CUTS TO PUBLIC SERVICE MEAN LONGER WAIT TIMES FOR PEOPLE WHO NEED HELP MOST

Ms BIRD (Cunningham) (17:58): The second issue I want to raise in the grievance debate on behalf of constituents is that if you do have to interact with government agencies these days across support payments, whether that's older people on pensions, whether it's people who become unemployed, whether it's people relying on disability payments—there's a wide range of payments that we make—if you have to engage with a government department, I'm getting—and I can only assume most officers are—more and more frustration from people about how long it's taking to get their matters dealt with. We've seen waiting times increase year after year. I'm regularly getting people contacting me who are waiting for their age pension to be processed. This was something that never happened when I was first elected. I'm not being party political—under the Howard government I didn't see much of that sort of thing being raised. But it happens now quite regularly, and it has been for a while.

I would say to the government, 'Have a look at the staffing levels and expertise in government departments.' I think this is sometimes feeding into, in the worst cases, people getting wrong information, which can have quite serious implications for them. There is the blowout in the waiting times to have things processed. The immigration department is another example where you're seeing long waiting times. Someone puts in an application for a partner visa or a parent visa—those sorts of things—and they say, 'It's been 12 months and I haven't heard anything.' In the meantime, on the website it says the time to process them is now 24 months. These are people's lives. If you're waiting for a partner visa, you might not want to start a family until you actually know you've got the visa situation sorted out. This is affecting people's lives. In my office, day in and day out, across a number of government departments we are seeing people expressing great frustration. The other one we get regularly is about citizenship. Wonderfully, somebody has decided they want to be an Australian citizen. They're enthusiastic and go through the whole process and they wait a year or 18 months to get citizenship sorted out. These are the sorts of issues, day in and day out, that my local constituents are coming to my office about.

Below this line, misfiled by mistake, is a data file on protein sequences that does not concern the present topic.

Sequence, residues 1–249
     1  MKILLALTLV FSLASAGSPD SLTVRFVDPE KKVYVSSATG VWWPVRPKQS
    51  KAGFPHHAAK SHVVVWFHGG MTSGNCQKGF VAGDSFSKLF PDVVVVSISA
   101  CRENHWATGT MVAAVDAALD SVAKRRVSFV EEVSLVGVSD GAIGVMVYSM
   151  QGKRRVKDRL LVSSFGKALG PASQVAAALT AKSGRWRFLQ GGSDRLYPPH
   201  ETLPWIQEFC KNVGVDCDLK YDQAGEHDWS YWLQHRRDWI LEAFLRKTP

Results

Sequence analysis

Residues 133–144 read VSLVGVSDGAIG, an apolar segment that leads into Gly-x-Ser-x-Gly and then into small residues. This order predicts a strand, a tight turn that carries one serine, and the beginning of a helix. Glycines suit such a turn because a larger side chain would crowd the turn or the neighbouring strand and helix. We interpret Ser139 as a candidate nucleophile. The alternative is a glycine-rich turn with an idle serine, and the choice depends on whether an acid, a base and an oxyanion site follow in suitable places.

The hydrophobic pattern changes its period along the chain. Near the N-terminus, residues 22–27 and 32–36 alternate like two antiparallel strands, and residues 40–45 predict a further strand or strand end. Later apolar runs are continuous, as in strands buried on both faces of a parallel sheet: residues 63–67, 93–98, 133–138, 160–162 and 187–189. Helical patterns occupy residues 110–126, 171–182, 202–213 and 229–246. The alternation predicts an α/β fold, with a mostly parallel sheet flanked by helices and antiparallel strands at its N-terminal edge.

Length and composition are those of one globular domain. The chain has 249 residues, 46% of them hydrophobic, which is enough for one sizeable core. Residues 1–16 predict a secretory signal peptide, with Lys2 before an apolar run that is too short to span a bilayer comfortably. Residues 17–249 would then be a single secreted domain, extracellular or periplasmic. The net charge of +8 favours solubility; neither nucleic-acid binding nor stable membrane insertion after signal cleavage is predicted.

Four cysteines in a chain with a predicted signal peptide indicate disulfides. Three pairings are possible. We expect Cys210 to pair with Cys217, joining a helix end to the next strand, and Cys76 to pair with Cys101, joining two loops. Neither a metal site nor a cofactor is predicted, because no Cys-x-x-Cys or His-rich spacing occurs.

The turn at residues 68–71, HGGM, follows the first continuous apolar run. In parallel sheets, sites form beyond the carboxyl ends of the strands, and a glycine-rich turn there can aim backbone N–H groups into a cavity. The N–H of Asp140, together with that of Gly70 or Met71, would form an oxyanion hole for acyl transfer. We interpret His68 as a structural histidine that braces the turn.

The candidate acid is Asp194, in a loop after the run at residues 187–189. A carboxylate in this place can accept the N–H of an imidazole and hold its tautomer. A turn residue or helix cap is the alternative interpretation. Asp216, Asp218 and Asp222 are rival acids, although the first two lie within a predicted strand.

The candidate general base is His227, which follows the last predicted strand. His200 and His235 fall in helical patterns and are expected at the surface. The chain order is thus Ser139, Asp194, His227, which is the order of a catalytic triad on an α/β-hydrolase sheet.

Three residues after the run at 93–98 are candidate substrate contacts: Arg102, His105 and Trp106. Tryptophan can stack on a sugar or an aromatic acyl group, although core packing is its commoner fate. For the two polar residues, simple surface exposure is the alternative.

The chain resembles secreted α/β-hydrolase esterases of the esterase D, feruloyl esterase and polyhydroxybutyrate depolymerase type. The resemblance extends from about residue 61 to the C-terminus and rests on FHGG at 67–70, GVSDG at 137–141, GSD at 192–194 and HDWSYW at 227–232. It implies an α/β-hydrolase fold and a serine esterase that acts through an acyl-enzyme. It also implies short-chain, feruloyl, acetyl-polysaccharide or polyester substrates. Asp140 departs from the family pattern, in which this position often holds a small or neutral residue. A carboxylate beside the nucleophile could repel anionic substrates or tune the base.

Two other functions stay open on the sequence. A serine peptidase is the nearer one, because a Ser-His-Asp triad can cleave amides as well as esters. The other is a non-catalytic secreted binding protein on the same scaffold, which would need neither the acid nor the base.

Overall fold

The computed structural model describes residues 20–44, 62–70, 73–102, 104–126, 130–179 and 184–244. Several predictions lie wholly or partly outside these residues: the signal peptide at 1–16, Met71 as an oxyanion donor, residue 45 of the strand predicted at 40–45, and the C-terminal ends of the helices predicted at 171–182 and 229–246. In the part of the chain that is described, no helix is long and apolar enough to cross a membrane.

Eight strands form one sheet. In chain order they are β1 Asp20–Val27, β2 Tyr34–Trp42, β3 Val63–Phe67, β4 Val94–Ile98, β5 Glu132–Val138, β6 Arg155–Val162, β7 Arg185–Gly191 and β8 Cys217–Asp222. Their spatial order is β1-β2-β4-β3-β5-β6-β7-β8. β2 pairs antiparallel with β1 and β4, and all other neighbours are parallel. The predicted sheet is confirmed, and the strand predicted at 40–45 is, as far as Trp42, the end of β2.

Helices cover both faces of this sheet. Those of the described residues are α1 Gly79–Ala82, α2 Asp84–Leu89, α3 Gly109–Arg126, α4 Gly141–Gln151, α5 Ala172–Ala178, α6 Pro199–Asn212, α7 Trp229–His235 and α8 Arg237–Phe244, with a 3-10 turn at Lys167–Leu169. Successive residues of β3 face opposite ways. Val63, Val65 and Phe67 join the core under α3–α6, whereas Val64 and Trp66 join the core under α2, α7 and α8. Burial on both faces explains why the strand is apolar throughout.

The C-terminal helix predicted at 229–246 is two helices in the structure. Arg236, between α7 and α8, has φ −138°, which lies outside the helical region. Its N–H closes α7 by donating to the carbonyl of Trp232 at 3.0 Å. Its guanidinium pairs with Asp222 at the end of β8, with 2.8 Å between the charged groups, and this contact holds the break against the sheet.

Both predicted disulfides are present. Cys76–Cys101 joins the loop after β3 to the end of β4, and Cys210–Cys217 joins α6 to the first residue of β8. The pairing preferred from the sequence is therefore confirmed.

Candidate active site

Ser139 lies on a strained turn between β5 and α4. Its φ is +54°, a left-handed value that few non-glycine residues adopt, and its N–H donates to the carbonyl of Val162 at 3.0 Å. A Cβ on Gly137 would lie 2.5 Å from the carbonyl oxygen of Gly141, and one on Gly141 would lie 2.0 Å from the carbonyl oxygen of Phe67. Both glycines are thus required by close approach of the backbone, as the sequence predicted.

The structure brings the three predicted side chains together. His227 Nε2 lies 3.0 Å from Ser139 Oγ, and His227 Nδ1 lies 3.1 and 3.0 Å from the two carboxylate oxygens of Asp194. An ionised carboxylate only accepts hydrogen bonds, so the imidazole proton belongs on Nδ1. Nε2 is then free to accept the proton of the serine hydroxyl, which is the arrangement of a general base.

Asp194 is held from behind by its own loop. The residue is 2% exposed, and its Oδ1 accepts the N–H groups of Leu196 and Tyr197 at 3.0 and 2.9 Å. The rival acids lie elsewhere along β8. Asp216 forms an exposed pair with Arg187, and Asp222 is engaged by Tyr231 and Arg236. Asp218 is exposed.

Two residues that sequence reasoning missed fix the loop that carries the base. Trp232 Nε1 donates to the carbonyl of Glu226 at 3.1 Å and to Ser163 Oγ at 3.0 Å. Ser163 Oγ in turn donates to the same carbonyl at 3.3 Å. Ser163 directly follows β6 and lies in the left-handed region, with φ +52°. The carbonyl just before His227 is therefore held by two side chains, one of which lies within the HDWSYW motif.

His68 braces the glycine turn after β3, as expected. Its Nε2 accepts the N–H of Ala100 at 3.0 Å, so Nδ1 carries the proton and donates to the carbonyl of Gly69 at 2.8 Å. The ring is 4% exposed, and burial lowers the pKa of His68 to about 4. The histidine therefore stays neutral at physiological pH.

I think this is something the government needs to consider. I'm absolutely convinced that the people who work in these departments are dedicated individuals doing the best they can and working very hard. It's no reflection on them. But, when you've got those sorts of waiting times happening, you have to ask yourself: why is this occurring? As a government, one would think you're responsible for this and you need to think about what you need to do to address it. I suspect a great deal of it comes back to staffing cuts, outsourcing and the sorts of policies that are not ensuring that the constituents of our electorates across the country get the service that they actually need in a timely and efficient manner. On behalf of all of those constituents, whether they're waiting for pensions, waiting for youth allowance payments, waiting for citizenship applications, waiting for partner applications, and all the different types of services, it is now a consistent message across all of the government departments that people are getting frustrated because of the blowouts in waiting times whenever they're dealing with government.

Watch Sharon’s speech here.